This is a wonderful book to offer to a child at Christmas or birthday; or on no occasion at all, just for the sake of giving a gift that is beautiful as well as educational.
But this is not just a book for children. It addresses the challenge of how ‘nature writing’ in its broadest sense can reach a wide audience and address the ecological calamity of our times. How do we encompass the loss of other beings in the community of life on earth; and even more the disturbance of the great cycles of the atmosphere, the oceans, even of the rocks, that are destabilizing our planet?  How do we write about nature when day after day we learn of some new way in which the human—mainly Western—fingerprint is to found everywhere; when in many ways we can no longer distinguish between ‘nature’ and ‘culture’? How do we all, adults as well as children, re-enchant our damaged planet?
Macfarlane has always been a literary writer. He goes on his travels accompanied by the writers and poets he knows and loves, notably by Edward Thomas in The Old Ways. He has written elsewhere about the importance of language in appreciation of our world; his Twitter feed features an uncommon ‘word for the day’ that has proved popular and stimulating. In earlier works he shows how the reclamation of words and stories helped save the Brindled Moor on Lewis in the early years of the present century from the construction of a massive wind farm. The energy company claimed that the moor was a barren place, a wasteland, certainly disenchanted; and indeed so it might appear to an outsider. But local people strongly opposed the proposal and devised ways to re-story the moor, to reclaim and re-enchant it in ‘narrative, poetic, lyric, painterly, photographic, historical, cartographical’ forms. What was required, one protagonist argued, was a Counter-Desecration Phrasebook that would help both name the landscape and the community’s relationship to it. The Brindled Moor was saved, at least for the moment. (It is also interesting to note that the speed of development of wind generation technology suggests that a windfarm built in the first decade of this century would be obsolescent toward the end of the second decade; while the moor would be ruined forever.) Words are not just nice for children, they have practical and political consequences.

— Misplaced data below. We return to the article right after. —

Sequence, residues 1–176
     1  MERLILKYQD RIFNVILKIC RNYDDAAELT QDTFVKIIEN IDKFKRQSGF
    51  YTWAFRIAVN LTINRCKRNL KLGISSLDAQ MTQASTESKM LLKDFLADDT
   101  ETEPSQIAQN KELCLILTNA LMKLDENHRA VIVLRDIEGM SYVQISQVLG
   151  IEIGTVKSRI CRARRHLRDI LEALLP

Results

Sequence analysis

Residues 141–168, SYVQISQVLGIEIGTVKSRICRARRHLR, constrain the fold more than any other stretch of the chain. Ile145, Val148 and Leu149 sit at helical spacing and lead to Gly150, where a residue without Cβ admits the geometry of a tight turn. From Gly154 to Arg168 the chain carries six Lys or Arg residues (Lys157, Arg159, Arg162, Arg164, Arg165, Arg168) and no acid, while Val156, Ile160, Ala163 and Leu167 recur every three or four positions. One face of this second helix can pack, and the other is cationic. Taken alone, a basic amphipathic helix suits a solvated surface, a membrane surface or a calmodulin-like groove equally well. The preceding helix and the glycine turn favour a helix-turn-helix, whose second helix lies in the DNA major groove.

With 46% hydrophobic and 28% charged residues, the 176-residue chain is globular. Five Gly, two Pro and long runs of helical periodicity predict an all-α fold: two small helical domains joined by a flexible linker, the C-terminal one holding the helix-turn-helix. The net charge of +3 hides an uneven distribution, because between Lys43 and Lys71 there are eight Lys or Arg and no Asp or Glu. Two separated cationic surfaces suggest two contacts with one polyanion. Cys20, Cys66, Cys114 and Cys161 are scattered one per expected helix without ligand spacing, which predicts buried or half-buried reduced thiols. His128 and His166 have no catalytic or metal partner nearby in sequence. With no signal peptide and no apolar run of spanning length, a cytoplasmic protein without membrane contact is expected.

Some ‘nature writers’ are birders and old style naturalists, some of whom study one creature or ecosystem for a lifetime; others are journalists and broadcasters, photographers and filmmakers, travelers and eco-philosophers. In pursing this link between language, our literary heritage and the natural world, Macfarlane is making his particular contribution, complementing other contributors to this broad field.
In this collaboration, Robert Macfarlane and Jackie Morris have drawn together words and images to create a book of spells that promises to evoke a sense of wonder in us all. As Macfarlane tells us, ‘wonder is an essential survival skill for the Anthropocene’.